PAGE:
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Enamel Paint, Gloss to Seal Decals?

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  • Member since
    January 2022
  • From: Colorado
Enamel Paint, Gloss to Seal Decals?
Posted by ModelMadness on Wednesday, June 1, 2022 10:06 PM

So pretty much done with my painting of a B-25J Mitchell.  Used the Testors Aluminum since the plane is that color.  Decals went on and some areas had really raised details.  But good ole Walther's made them set down like it was painted.

So now to gloss it to seal the decals.  Been reading posts around here, but practically all of them talk about the paint they used were Acrylic or Lacquer.  Some say they used the same paint clear like Tamiya X-22 or Future for glossing.  What I did not find was a post with what gloss to cover enamel paint?

My intentions are to gloss the bomber, add my panel lines and washes then dulcote it since I have a lot of that Testors Dulcote.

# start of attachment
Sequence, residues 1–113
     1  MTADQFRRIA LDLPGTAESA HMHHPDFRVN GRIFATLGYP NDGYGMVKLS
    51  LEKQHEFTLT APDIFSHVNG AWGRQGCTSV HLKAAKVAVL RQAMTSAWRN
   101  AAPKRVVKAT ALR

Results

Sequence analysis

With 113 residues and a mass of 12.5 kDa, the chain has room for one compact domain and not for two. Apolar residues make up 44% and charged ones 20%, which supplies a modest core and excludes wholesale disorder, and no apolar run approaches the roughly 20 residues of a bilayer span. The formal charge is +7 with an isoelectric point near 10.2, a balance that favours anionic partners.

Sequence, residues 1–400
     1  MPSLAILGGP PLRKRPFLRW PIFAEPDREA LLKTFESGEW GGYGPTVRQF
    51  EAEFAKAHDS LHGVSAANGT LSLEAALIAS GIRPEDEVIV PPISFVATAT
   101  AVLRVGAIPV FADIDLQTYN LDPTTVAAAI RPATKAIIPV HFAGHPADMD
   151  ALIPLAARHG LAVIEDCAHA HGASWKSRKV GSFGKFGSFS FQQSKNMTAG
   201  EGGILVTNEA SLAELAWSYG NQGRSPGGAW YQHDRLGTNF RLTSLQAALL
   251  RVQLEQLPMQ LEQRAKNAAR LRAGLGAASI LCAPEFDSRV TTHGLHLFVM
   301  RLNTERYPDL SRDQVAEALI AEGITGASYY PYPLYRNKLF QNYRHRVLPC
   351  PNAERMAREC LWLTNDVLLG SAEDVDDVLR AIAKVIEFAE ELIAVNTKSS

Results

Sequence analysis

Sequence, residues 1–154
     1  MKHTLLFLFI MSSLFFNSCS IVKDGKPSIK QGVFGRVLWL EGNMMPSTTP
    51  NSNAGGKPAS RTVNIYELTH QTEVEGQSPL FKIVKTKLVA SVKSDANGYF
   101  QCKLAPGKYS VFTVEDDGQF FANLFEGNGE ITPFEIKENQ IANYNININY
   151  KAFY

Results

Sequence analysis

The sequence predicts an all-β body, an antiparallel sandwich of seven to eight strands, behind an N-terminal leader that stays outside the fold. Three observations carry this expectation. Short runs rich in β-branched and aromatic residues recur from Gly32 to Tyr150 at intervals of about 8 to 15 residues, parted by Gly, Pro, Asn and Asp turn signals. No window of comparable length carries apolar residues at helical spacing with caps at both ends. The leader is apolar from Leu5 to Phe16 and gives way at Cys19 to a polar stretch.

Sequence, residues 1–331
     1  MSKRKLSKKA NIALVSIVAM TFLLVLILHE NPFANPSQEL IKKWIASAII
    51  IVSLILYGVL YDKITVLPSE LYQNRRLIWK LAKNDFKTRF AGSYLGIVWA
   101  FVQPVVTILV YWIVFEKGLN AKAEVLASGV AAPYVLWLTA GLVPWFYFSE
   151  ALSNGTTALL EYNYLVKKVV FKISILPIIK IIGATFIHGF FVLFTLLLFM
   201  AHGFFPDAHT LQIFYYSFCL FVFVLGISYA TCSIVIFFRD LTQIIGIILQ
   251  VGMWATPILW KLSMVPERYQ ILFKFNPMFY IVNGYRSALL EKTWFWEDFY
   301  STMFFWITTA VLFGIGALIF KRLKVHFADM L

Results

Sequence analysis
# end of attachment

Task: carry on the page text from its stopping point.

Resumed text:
But what Clear Gloss to use over the whole plane to seal the decals on a plane that has enamel paint?  Does Future still work and will it work over enamel?  Looking forward for the responses,

Thank you everyone

  • Member since
    April 2003
  • From: USA
Posted by keavdog on Wednesday, June 1, 2022 10:28 PM

Future will work fine.

I saw this somewhere and saved it (maybe it was here)

 

Thanks,

John

  • Member since
    April 2020
Posted by Eaglecash867 on Thursday, June 2, 2022 6:19 AM